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Molecular analysis of the Hedgehog signal transduction complex in the primary cilium

Objective

The unexpected connection between the primary cilium and cell-to-cell signalling is one of the most exciting discoveries in cell and developmental biology in the last decade. In particular, the Hedgehog (Hh) pathway relies on the primary cilium to fulfil its fundamental functions in orchestrating vertebrate development. This microtubule-based antenna, up to 5 µm long, protrudes from the plasma membrane of almost every human cell and is the essential compartment for the entire Hh signalling cascade. All its molecular components, from the most upstream transmembrane Hh receptor down to the ultimate transcription factors, are dynamically localised and enriched in the primary cilium. The aim of this proposal, which combines structural biology and live cell imaging, is to understand the function and signalling consequences of the multivalent interactions between Hh signal transducer proteins as well as their spatial and temporal regulation in the primary cilium. The key questions my laboratory will address are: What are the rules for assembly of Hh signal transduction complexes? How dynamic are these complexes in size and organisation? How are these processes linked to the transport and accumulation in the primary cilium?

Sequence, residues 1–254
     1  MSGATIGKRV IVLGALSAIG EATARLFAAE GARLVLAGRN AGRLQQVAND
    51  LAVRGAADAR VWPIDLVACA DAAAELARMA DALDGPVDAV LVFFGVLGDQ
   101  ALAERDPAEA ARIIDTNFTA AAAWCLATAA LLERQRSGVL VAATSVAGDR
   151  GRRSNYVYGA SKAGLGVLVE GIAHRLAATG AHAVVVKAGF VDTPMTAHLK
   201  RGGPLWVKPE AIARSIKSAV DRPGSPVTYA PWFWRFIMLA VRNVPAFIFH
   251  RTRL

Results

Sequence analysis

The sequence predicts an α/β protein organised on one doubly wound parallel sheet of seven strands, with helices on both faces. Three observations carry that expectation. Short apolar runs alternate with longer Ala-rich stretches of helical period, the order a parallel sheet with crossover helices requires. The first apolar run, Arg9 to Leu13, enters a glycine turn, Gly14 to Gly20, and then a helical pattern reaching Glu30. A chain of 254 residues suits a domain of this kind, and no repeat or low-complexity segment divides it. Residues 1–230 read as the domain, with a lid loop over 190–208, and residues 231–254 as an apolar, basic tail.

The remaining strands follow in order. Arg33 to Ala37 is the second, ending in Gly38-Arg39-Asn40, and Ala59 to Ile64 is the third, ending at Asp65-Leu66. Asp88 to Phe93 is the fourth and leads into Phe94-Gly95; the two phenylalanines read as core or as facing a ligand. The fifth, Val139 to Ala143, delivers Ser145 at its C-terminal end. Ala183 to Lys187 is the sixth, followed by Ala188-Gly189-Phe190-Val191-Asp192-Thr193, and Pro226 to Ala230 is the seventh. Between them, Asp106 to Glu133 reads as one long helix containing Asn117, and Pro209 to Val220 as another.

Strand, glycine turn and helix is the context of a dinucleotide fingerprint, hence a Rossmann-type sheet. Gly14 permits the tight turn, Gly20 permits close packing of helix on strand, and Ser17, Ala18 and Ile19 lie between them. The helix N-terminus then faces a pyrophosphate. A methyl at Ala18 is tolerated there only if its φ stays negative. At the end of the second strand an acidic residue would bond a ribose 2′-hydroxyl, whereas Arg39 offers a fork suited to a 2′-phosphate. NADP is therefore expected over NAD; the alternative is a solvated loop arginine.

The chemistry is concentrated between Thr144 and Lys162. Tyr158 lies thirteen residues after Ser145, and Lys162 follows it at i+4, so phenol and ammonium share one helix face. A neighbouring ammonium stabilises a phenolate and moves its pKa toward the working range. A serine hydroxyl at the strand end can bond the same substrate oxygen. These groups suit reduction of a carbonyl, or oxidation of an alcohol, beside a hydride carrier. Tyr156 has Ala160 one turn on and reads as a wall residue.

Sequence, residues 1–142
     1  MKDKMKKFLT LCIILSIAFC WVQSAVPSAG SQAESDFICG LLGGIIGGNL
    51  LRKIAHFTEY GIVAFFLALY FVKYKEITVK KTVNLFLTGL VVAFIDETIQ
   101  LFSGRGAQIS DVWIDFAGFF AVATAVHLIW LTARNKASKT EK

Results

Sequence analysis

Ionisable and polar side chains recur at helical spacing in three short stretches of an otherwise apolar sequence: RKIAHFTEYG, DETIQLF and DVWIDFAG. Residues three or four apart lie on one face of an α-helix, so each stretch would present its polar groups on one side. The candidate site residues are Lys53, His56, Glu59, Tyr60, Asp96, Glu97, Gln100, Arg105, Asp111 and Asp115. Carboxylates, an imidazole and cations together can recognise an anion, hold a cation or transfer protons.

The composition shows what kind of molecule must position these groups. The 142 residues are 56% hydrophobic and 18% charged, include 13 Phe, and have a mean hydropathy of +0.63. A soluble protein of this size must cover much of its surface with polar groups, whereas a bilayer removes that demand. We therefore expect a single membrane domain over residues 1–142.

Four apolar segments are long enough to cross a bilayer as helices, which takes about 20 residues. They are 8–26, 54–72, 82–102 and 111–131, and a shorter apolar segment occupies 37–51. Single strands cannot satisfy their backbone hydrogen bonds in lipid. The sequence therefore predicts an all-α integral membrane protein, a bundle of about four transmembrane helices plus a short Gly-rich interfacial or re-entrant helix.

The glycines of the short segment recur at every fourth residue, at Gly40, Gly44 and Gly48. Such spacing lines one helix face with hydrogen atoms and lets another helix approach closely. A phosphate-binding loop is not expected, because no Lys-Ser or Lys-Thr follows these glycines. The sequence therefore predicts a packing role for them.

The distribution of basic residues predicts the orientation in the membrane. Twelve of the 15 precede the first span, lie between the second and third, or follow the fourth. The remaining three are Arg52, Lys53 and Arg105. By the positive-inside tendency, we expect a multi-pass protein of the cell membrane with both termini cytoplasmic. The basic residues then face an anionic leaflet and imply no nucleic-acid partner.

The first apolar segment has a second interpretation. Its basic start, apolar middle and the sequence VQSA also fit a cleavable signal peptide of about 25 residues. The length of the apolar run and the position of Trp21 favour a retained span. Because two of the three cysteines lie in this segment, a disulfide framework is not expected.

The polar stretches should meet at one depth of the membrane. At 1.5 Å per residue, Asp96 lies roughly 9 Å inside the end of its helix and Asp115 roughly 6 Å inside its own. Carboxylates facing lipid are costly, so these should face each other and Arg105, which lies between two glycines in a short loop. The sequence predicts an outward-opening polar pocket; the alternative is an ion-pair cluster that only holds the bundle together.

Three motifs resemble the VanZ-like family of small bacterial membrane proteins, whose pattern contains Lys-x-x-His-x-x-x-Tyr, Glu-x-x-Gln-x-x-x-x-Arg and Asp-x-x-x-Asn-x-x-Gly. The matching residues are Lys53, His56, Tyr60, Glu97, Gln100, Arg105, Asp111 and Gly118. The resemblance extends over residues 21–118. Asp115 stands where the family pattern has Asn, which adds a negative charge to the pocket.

I will combine state-of-the art structural biology techniques (with an emphasis on X-ray crystallography) to study the molecular architecture of binary and higher-order Hh signal transduction complexes and live cell fluorescence microscopy (for protein localisation and direct protein interactions). These two approaches will allow me to identify and define specific protein-protein interfaces at the atomic level and test their functional consequences in the cell in real time. My goal is to consolidate a world-class morphogen signal transduction laboratory, deciphering fundamental biological insights. Importantly, my results and reagents can potentially feed into the development of novel anti-cancer therapeutics and reagents promoting stem cell therapy.

Call for proposal

ERC-2014-CoG
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Host institution

THE CHANCELLOR, MASTERS AND SCHOLARS OF THE UNIVERSITY OF OXFORD
Address
Wellington Square University Offices
OX1 2JD Oxford
United Kingdom
Activity type
Higher or Secondary Education Establishments
EU contribution
€ 1 727 456

Beneficiaries (1)

THE CHANCELLOR, MASTERS AND SCHOLARS OF THE UNIVERSITY OF OXFORD
United Kingdom
EU contribution
€ 1 727 456
Address
Wellington Square University Offices
OX1 2JD Oxford
Activity type
Higher or Secondary Education Establishments